Advent 2B 2005 Mark 1:1-8

On first reading, our Gospel passage for today from Saint Mark seems straightforward and simple enough. It begins with what is likely the title of the Gospel. Then follows a quote from the major prophet, Isaiah. And ends with a thumbnail sketch of John the Baptist.

Straightforward and simple until we begin to look more closely and begin to unpack what Saint Mark is telling us and how he is saying it.

Starting with the first verse: “The beginning of the good news of Jesus Christ, the Son of God,” Mark plunges us into the deep waters of profound complexity. This opening of the gospel is really the key to what happens at the end of it, as we shall see as we move through this year of the Gospel of Mark. As we noted last Sunday, this opening verse, the title of the gospel, is foundational to Christian belief and theology. If only this tile alone were left to us out of all four of the gospels, it would be enough. Fortunately, we have all four of the canonical gospels – and many which are not canonical.

“The beginning of the good news of Jesus Christ, the Son of God” is a plunge into one of the two major questions Saint Mark is answering, one of the two major themes or foci throughout his Gospel: Who is this Jesus. Jesus himself turns the question on its end in this gospel: He asks, “Who do people say that I am.” And, of course, it is at the end of this Gospel that the disciples find out, when they are faced with the empty tomb of the first Easter morning. And Mark goes about telling this good news of salvation brought by Jesus Christ by narrating the story of Jesus.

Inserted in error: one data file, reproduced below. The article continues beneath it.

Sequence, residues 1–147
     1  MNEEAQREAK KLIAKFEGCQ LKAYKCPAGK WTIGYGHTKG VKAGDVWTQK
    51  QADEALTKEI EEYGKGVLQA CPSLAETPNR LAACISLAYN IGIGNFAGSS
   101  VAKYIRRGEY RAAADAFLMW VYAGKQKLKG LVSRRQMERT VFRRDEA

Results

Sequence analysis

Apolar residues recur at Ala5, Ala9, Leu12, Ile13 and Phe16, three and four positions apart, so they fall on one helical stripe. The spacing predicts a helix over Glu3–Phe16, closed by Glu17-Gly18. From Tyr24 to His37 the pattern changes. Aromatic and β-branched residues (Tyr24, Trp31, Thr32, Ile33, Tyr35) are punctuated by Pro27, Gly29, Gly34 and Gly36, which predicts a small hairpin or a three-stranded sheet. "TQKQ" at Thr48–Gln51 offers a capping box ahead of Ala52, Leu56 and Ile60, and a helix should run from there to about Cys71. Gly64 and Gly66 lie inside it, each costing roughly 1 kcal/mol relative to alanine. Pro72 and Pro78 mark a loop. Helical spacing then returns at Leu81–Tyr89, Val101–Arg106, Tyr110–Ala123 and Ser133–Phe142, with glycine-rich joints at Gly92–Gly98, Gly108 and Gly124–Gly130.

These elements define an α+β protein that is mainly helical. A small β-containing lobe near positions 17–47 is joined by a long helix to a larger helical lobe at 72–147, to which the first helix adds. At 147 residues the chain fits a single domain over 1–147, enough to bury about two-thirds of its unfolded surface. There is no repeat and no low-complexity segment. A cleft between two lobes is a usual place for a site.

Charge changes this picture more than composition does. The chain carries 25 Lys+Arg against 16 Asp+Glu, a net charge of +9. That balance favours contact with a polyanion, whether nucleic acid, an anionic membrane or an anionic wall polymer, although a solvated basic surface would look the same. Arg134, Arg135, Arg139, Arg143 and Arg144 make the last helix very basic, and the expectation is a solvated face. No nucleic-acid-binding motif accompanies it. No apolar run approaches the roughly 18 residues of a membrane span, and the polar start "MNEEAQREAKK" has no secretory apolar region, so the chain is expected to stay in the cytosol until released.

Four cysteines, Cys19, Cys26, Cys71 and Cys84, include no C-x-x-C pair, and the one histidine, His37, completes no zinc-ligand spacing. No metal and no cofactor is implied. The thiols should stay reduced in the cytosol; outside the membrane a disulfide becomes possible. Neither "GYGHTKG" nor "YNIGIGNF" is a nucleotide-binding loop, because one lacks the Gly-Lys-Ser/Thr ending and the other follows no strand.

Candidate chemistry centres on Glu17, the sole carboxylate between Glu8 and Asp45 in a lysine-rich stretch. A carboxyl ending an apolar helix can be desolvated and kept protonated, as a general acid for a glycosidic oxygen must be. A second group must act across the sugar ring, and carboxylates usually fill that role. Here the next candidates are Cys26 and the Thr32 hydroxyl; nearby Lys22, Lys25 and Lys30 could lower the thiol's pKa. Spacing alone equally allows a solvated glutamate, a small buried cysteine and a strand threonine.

Mark’s opening answer and starting proposition is that this Jesus is the Son of God. Above everything, Mark tells his community, you must understand this if you are to begin to understand anything about this world historical figure Jesus, this anointed one who is God walking the earth.